The efforts on the shop continue… to borrow a term my Long-EZ building buddy Dave Berenholtz used recently, this pre-plane-building project of getting the shop in shape with the requisite myriad of tasks feels like a form of death by a thousand paper cuts.
But I have turned a corner –literally– and am on the front wall of the shop. Yes, there have been some delays, some self-induced with household/life chores that really needed tending to, but mostly due to spring rainstorms.
Yesterday I insulated nearly the last of the shop ceiling along the finished right hand wall, leaving about a 1 ft x 14 ft strip left to do at the top of the front far left wall.
I wanted to get the shop entry door insulated along with the rest of the walls but couldn’t find the required 1.5″ thick foam. What I did find was 3/4″ thick foam so I ended up doing a double cut for the 3 panels that existed on the door. This added a bit to the time, but I got ‘er done.
I then covered the door insulation with 1/4″ white paneling since I had an extra panel on hand that didn’t get used in the “machining corner.” I also added a handle to aid in closing the door from the inside.
I then moved on to the next section of wall that surrounds the entry door. From the outside this is the front right third of the shop. The only section on the front of the shop that does not have big barn doors.
When I bought the house there was a myriad of junk that was left on these ginormous shelves that inhabit this area of the shop. While I do love storage, 3-1/2′ deep shelves x over 5′ wide was just a bit too much space being scarfed up with non-optimized storage.
I had long ago decided that I was going to convert this to a small office nook, or kiosk, which would have a taller built-in computer table, space for a small microwave, Kurig coffee maker and mini-fridge. It will also be where I house my binders, books, papers, etc.
Here’s a shot of the shelves after a major clean up of all the stuff that was populating them.
A few hours later it looked like this… not only does this give me access to insulate the walls, but it gives me a spot to build a desktop and put every I listed above in place (Uh, yeah, I forgot the stereo!).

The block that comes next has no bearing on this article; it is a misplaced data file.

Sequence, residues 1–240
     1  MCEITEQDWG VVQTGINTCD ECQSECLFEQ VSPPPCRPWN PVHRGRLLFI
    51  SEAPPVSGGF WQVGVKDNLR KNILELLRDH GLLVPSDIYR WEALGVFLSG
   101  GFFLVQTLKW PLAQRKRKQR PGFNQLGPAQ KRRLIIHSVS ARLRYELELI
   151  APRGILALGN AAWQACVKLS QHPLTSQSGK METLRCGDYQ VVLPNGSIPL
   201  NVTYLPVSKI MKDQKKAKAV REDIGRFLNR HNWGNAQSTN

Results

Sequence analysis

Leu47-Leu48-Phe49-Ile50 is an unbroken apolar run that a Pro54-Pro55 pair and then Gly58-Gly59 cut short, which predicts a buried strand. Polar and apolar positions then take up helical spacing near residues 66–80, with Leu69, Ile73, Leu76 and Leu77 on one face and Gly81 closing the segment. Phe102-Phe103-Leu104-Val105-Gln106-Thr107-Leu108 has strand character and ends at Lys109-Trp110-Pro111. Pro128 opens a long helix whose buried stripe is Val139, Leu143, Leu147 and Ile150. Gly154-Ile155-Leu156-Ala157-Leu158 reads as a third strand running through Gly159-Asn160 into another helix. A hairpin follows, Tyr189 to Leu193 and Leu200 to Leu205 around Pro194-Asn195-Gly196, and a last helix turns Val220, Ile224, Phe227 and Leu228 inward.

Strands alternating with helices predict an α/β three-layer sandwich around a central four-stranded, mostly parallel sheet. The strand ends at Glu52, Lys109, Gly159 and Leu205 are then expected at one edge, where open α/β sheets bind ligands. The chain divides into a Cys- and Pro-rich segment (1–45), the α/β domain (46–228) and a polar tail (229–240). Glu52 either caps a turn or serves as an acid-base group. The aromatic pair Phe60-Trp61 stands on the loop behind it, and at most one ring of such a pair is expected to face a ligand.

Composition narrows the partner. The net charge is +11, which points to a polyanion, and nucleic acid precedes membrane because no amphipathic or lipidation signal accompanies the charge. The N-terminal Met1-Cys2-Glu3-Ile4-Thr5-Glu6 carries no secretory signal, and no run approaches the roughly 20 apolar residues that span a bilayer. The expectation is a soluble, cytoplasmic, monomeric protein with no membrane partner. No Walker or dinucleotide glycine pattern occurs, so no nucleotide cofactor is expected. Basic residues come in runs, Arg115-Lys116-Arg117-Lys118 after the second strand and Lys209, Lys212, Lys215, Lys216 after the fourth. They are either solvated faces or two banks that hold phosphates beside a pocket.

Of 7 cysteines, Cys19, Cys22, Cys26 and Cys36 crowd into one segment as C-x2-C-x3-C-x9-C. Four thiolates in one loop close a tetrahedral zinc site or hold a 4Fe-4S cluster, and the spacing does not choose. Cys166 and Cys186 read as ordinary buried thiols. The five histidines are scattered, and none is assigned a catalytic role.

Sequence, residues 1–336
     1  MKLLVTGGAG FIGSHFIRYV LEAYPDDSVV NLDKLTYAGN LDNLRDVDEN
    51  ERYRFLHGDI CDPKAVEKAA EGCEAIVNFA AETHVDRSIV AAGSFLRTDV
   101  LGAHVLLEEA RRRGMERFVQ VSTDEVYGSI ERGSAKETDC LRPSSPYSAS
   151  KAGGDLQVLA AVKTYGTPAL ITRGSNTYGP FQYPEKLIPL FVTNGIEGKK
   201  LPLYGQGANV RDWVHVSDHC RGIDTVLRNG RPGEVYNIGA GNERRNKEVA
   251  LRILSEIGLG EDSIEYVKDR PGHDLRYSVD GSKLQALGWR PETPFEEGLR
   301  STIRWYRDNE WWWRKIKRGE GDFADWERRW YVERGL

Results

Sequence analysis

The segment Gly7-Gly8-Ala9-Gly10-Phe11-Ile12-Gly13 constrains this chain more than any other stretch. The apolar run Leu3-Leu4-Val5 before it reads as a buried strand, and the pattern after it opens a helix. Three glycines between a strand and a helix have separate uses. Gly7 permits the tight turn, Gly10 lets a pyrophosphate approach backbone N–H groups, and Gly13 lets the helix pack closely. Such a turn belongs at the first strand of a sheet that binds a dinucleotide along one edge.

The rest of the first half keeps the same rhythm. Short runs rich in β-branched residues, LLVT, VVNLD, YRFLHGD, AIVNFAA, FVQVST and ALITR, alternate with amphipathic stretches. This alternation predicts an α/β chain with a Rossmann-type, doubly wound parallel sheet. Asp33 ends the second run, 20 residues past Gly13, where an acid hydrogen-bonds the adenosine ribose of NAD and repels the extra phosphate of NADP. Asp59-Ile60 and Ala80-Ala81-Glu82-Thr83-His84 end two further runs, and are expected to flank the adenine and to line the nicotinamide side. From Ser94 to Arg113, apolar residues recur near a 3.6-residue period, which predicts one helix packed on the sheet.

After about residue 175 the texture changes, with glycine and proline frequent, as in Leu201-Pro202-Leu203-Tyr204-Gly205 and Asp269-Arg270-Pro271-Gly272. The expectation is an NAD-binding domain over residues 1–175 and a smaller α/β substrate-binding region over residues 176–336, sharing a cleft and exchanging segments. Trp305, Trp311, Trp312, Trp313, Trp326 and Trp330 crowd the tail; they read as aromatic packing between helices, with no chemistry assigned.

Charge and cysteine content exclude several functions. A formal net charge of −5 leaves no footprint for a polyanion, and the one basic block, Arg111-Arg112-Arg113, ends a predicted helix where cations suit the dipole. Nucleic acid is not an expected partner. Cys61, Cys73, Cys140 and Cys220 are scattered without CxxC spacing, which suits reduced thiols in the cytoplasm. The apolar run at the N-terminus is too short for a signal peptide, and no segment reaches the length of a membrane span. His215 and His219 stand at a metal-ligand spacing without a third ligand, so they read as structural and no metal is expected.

The current top shelf will remain and serve as both a very large storage shelf and also the “ceiling” of the office nook. I’m currently undecided but may end up splitting the large top shelf by adding another shelf midway up to the ceiling.
It was getting a bit late so I called it a night in the shop and went back to a Long-EZ related project I had started messing about with last night and a bit this morning:
I have a set of these hinges that I picked up from the Cozy Girrrls and they are very nicely made. The pair I have will work fine for securing the front of the aft nose cover, allowing me to open up the back half of the nose like an MG sports car.
However, I need a pair of these “J” hinges (what I call them for my lack of knowing their true nomenclature!) for the front nose hatch, just a heck of a lot smaller than the ones I currently have on hand.
Having recently re-covered some instructional info on how to import a diagram into Fusion 360 CAD, I decided since it was fresh in my mind to finally get to using the Cozy Girrrl J hinges as a template in creating smaller versions for the front nose hatch.
As you can see below, after I modeled up the J hinge I decided to simply print one out on my 3D printer.
Here’s the new full size 3D printed hinge next to the real aluminum one. Below that are 40% versions of the larger standard sized hinges. I’ll use the small ones as a starting point to find the best size hinges to use on the front nose hatch (the small hinge on the right had some clear issues during the 3D printing process, but it will work fine as a size template).
I took this pic below to show my size comparison between the CAD model hinge and the real one, which is underneath this 3D printed hinge.
Tomorrow I’ll be back to work on the shop.
Cleary I’ve busted my “mid-April” estimated completion timeline, but I will trudge on nonetheless!